Minnesota agency will do its own NOx review later this decade

The second point where SCRs on Sherco 1 and 2 would be evaluated is during the MPCA’s assessment of reasonable progress of the state’s regional haze state implementation plan (SIP). A progress report on reasonable progress toward visibility goals is due in late 2014. By 2018, the MPCA is required to revise the SIP to include additional reductions if necessary to achieve reasonable progress towards visibility goals. If the MPCA finds that Minnesota is not making reasonable progress, then additional controls, such as SCRs at Sherco 1 and 2, may be required.

Given the unknown outcome and timing of the decisions related to Regional Haze and visibility impairment, the MPCA said it believes that Xcel’s estimated time frames (2018-2019 and 2023-2025) for SCR installations are reasonable.

The most significant rulemaking likely to affect Sherco 1 and 2 is EPA’s intention to adopt standards of performance addressing emissions of CO2 from existing power plants. Because EPA will use its authority under Section 111(d) of the Clean Air Act, the effort is being referred to as the “111(d) standards.”

President Obama has directed EPA to propose the 111(d) standard for existing facilities by June 2014 and to issue final standards by June 2015.

Minnesota achieved a 13% reduction in CO2 emissions from its electricity generating system from 2005 to 2010 and it remains to be seen whether Minnesota’s current and future GHG emission reduction goals will be sufficient to meet EPA’s 111(d) standards, the agency said. In its communications regarding potential 111(d) standards, EPA has indicated that it hopes to allow states flexibility, including the opportunity to take into account past actions, such as renewable portfolio standards or other clean energy programs that have reduced GHG emissions. At this time, the MPCA said it is unable to determine the degree of CO2 reductions the standards will require, the latitude allowed in creating equivalent programs, or the timing allowed in achieving the reductions.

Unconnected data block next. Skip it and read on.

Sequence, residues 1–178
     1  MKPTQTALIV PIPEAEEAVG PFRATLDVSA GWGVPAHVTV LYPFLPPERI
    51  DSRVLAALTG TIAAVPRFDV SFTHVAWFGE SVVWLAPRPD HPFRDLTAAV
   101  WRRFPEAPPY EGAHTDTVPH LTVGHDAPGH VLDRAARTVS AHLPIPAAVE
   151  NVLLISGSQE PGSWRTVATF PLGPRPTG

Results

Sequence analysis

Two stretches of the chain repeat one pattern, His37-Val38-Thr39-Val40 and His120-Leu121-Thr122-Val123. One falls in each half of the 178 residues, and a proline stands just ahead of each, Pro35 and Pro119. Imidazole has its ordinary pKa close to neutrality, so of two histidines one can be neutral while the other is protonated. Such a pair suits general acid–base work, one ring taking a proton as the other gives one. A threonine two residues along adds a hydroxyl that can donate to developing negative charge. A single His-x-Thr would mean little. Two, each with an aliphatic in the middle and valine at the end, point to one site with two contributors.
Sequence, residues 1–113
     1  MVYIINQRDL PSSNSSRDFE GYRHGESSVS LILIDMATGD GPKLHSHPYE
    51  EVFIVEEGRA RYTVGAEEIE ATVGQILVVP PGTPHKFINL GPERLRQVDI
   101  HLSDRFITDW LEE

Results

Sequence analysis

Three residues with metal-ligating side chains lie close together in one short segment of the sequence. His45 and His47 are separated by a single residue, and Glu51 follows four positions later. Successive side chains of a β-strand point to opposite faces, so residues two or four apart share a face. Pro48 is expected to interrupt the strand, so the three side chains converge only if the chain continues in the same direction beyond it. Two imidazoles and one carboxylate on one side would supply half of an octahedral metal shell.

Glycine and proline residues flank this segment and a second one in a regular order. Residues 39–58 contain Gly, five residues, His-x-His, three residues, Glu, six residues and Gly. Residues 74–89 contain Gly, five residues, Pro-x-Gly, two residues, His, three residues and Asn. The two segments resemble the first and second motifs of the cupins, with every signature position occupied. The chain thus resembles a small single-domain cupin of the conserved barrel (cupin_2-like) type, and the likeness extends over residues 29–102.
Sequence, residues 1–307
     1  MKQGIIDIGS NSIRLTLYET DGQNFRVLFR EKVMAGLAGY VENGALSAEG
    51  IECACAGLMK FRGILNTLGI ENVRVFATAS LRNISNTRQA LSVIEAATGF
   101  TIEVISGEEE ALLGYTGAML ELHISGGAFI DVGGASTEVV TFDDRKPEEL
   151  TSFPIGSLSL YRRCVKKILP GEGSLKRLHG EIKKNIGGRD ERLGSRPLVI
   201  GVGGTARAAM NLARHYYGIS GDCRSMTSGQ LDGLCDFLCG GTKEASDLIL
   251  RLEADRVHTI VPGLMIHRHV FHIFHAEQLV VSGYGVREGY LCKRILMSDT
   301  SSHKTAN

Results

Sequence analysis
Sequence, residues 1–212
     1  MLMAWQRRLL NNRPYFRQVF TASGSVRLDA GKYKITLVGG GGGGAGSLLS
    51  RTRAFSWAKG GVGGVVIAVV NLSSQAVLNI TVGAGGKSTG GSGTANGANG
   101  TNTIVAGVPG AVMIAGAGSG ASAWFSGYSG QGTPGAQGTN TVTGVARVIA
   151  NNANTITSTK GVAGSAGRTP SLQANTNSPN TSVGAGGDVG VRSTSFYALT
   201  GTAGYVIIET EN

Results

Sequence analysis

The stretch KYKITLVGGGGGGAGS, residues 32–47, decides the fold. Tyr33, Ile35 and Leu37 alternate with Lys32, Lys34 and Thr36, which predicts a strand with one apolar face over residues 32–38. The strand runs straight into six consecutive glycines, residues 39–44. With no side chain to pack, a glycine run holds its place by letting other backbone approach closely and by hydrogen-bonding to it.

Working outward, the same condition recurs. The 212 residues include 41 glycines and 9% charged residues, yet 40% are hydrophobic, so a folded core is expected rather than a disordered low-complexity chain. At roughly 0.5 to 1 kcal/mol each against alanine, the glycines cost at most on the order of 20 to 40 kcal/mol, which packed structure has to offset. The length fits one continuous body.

The Sherco facility in Becker, Minn., is the company’s largest power plant in the Midwest, with its three units capable of providing a total of 2,400 MW. Units 1 and 2 have a production capability of 750 MW each and provide about 20% of the electricity used by Xcel’s Minnesota customers each year.

About Barry Cassell 20414 Articles
Barry Cassell is Chief Analyst for GenerationHub covering coal and emission controls issues, projects and policy. He has covered the coal and power generation industry for more than 24 years, beginning in November 2011 at GenerationHub and prior to that as editor of SNL Energy’s Coal Report. He was formerly with Coal Outlook for 15 years as the publication’s editor and contributing writer, and prior to that he was editor of Coal & Synfuels Technology and associate editor of The Energy Report. He has a bachelor’s degree from Central Michigan University.